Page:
"The question of when counsel may speak to the media cannot be governed by an absolute rule.... The Court must step in when the result of the communication is that a fair trial is hindered and the parties are not protected adequately."

But still, individual lawyers have a few hurdles - and one that should they trip, could result in severe discipline by their law society. That hurdle is client confidentiality. Any lawyer out to talk to the media about his client’s past, ongoing or prospective case without the prior encouragement and consent of the client should look for another job.

Lawyers must also ensure that whatever public comment they make is in their client’s best interests. And this is where the hiccup is with 99% of the lawyers. They would never be called to task by their law society for not speaking to the media. Such a closed-mouth approach cannot possibly harm their client’s litigation since judges don’t consider public opinion when rendering judgment.

In R v Basha, Justice Gushue wrote:

“I was appalled when it was brought to my attention that while the matter was sub judice there was editorial comment in the press and participation by Counsel in a media program on this matter. I have not read or viewed the editorials or program as a matter of deliberate policy, nor does it affect or influence my decision in any way. However, I intend to pursue the matter when sentencing is over and bring it to the attention of the Director of Public Prosecutions so that a decision can be made whether or not to institute contempt proceedings. Whether it is contempt or borders on contempt, lawyers are presumed to know better.”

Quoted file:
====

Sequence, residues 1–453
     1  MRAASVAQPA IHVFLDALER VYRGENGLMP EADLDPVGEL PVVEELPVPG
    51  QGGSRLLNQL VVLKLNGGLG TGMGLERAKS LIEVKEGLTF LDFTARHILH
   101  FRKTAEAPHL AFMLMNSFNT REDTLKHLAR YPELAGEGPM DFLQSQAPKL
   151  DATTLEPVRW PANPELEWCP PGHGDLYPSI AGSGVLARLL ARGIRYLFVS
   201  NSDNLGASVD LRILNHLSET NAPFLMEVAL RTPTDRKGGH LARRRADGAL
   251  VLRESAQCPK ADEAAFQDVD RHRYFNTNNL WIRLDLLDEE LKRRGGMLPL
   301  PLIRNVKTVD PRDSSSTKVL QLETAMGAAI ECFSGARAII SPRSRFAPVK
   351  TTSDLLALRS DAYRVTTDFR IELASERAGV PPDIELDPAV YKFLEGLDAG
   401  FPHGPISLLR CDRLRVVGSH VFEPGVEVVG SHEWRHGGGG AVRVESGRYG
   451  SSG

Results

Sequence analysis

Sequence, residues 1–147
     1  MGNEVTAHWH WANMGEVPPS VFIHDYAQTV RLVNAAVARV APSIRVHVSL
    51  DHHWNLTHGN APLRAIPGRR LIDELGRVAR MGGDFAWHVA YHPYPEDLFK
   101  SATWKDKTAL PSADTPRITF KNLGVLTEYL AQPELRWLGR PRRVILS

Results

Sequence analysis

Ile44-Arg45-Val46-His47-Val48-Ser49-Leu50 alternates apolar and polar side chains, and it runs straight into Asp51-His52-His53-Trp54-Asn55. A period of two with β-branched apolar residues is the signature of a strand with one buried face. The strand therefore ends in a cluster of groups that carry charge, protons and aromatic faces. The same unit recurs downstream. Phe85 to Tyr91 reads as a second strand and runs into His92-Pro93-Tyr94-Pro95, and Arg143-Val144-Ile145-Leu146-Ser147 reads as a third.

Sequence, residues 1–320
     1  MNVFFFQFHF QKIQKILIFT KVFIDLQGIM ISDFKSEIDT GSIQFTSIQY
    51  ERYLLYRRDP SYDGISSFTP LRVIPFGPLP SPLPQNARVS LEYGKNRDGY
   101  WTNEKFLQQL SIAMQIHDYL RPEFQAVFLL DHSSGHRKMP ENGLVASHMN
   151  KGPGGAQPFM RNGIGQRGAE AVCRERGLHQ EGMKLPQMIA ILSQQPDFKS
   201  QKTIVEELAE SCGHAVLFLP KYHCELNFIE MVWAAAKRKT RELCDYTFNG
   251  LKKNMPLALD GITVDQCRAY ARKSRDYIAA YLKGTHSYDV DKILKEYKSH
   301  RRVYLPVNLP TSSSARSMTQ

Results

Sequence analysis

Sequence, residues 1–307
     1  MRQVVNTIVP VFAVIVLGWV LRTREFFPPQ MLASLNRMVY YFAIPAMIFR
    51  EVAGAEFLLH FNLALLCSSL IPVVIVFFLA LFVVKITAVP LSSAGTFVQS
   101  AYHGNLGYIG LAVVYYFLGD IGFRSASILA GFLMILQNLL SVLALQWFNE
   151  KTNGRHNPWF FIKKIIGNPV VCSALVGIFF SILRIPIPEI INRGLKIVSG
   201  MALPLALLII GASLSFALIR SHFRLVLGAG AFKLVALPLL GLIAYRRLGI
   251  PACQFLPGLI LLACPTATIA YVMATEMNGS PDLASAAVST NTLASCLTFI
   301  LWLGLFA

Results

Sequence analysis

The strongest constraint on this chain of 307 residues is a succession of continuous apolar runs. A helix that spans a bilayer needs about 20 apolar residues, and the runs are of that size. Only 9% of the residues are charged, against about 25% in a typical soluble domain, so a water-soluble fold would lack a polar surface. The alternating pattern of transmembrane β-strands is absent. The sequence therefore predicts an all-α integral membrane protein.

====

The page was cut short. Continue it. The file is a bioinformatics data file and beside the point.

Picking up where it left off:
What some would call imminent wisdom, and others, tunnel-vision, is a policy of silence while a case is sub judice.

What About the Client?

More often than not, it is the client who wants to excite the media about their case. Ask any barrister and they will tell you that in their case load at any given time is one or two keaners just dying to line up CBC News or the New York Times or even the local rag. They can’t wait for their day in court and instead, try to assemble volunteers for a public tar and feathering of the other side.

Media contact can do more than scratch a client’s eczema. However, the effect will not be felt in the courtroom. Judges in almost all free and democratic societies are not going to render a decision based on the number of slogans being chanted at the steps of the courthouse.

The media can be useful is allowing the general population to know of an active case, and to consider the issues being raised and of the very real possibility that in this case, the law is outdated. While we can rely on our elected officials to modernize the law, they need a few reminders from the rank and file; a few reminders from those people who live the shortcomings of the law. Without that, the law changes only as fast as Jane Doe, public servant, in her pin stripe suit, can fathom modernization.

Can you spell molasses in January?

Consider this from the Canadian Bar Association Code of Professional Conduct:

“The lawyer is often called upon to comment publicly on the effectiveness of existing statutory or legal remedies, on the effect of particular legislation or decided cases, or to offer an opinion on causes that have been or are about to be instituted. It is permissible to do this in order to assist the public to understand the legal issues involved.”